The Bottom Line: one of the best quality-for-money cargo bikes I've ever ridden

I'm not going to tell you the XPedition is the best cargo bike on the market; there's some really premium, purpose-built stuff out there from the likes of Yuba, Tern, and Benno that are really amazing to ride. The thing is, you're going to pay a lot for those, typically at least $5,000 USD (and usually more). The XPedition checks all the important boxes, providing amazing utility and a solid riding experience, and doing it at an incredibly low price point. When you combine that with Lectric's excellent reputation and reliable customer service? Well, let's just say it's easy to see why this is the best selling cargo e-bike in the US.




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Reasons to Buy the Lectric XPedition

  • Amazing value for money ratio, especially with free shipping (and it's fully assembled!)

  • Lectric has an excellent reputation and provides better service than most DTC companies

  • One of the most approachable and adjustable cargo e-bikes, able to fit a wide range of riders and doesn't require tools for adjustments

  • Stem folds down and pedals quick-pop off for easier storage

  • Powerful electronics with a 750 watt motor, and a dual battery option for those who need more range

  • Lectric's PWR system provides a smooth pedal assist experience, among the best for cadence sensor-equipped e-bikes

  • Pedaling drivetrain has an upgraded cassette with an 11 tooth cog, which eliminates ghost pedaling and allows easier cruising at top speed

  • A wide range of utility including up to 300 pounds (136 kg) of cargo, two children, and more (requires appropriate accessories which you can get from Lectric or most local bike shops)

  • Hydraulic disc brakes with 180mm rotors provide excellent stopping power

  • 20x3 tires provide a great balance with good air cushion comfort, but still small enough to feel nimble

  • Grayscale LCD is backlit and incredibly easy to read even in direct sunlight, with a high-precision 10-bar battery readout

  • Integrated lights and sturdy alloy fenders

Reasons Not to Buy the Lectric XPedition

  • Lack of active suspension limits where you can ride; off-roading will be bumpy! This is designed for urban/city use on streets and bike paths

  • Throttle is linked to pedal assist level, which makes it less useful (you can't use it as a speed boost override unless you have it set to max level of assist)

  • Lectric's PWR system is excellent, but it's still not as responsive and natural-feeling as a premium torque sensing system

  • There are integrated lights, but they have room for improvements: there's no brake light activation, no turn signals, and no horn

  • Will require some extra $$$ investment in accessories to be truly useful

Bottom Line

The XPedition excels in all the important areas for an electric cargo bike, with impressive utility and and a hefty payload capacity of 450 lbs (204 kg). It's relatively small and light for a cargo hauler but still fits large riders well thanks to the wide range of adjustability, which can be done tool-free for easier sharing between multiple riders. Lectric's PWR system provides an excellent pedaling experience that rivals entry-level torque sensor setups, and the beefy electronics make it easy to maintain high cruising speeds.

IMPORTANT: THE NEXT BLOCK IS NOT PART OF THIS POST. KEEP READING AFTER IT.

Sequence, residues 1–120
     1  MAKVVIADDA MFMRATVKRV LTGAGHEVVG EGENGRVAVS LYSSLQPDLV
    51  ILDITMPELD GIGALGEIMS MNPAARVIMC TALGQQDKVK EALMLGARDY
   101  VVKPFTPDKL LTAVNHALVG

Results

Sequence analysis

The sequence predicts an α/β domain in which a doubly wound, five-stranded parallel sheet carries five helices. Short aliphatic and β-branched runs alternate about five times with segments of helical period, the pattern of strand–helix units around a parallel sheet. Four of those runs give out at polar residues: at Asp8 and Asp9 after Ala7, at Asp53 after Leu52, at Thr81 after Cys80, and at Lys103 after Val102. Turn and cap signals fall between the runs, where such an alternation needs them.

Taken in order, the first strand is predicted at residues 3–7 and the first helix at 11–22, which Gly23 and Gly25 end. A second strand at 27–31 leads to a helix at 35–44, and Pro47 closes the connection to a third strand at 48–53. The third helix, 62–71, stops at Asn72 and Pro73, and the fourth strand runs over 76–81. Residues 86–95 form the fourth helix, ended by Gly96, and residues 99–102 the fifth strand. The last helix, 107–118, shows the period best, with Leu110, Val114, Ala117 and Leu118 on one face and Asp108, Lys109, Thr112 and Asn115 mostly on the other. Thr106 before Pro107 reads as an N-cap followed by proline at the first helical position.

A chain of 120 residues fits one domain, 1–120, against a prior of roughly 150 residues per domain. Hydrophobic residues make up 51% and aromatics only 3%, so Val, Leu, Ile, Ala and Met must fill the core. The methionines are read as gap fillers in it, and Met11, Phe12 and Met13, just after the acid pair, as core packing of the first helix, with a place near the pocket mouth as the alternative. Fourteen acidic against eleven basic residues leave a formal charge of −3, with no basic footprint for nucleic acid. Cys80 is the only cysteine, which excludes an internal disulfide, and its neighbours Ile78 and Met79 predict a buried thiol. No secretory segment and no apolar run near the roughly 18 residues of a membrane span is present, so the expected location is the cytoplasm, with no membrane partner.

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Review by Tyson Roehrkasse
Photo of the author, Tyson Roehrkasse

Tyson Roehrkasse is a technical specialist who has worn just about every hat there is in the IT and software development fields. He began working with PEVs in 2018 as a developer for Electric Bike Review, and immediately became obsessed with learning about e-bike technology. He soon began creating his own reviews on the EBR platform and to date is the second largest contributor of review content there. After a five-year tenure with EBR Tyson moved on to work with other companies in the industry, building websites for other reviewing companies and e-commerce platforms for EV manufacturers. He also continued working as a freelance reviewer, eventually partnering with the Micromobility Industries to produce reviews and other content for their partner site, Ride Review.

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Frequently Asked Questions - Lectric XPedition

Is the Lectric XPedition eBike easy to store and transport?

The eBike comes with a foldable frame that folds down to a compact size of 72 x 12 x 32 inches, making it easier to store and transport than many other cargo eBikes.
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Does the Lectric XPedition have a feature to control power expenditure?

The XPedition features a brand new Pedal Assist Wattage Regulation (PRW) system that allows riders to control the power expenditure of the pedal assist for a more customizable riding experience.

What is the top speed of the Lectric XPedition?

The XPedition features a 1,310 W peak motor that helps it maintain a top speed of 28 mph.

What is the weight capacity of the Lectric XPedition eBike?

The Lectric XPedition has a max payload capacity of 450 pounds, which means it can haul a significant amount of weight.

What kind of frame does the Lectric XPedition have?

The Lectric XPedition has an aluminum frame.

Are the brakes on the Lectric XPedition reliable for quick stopping?

Yes, the bike is equipped with 180 mm front and rear hydraulic brakes for an ultra-responsive and low-maintenance braking system.

What type of warranty does the Lectric XPedition come with?

Lectric eBikes provides a one-year warranty for the XPedition, along with a full US customer service base for support.

Does the Lectric XPedition come fully assembled?

Yes, the XPedition ships fully assembled, reducing the hassle for customers.

Can the Lectric XPedition eBike handle long-range trips?

Yes, with its dual-battery capacity, the XPedition offers riders up to 150 miles of range on a single charge.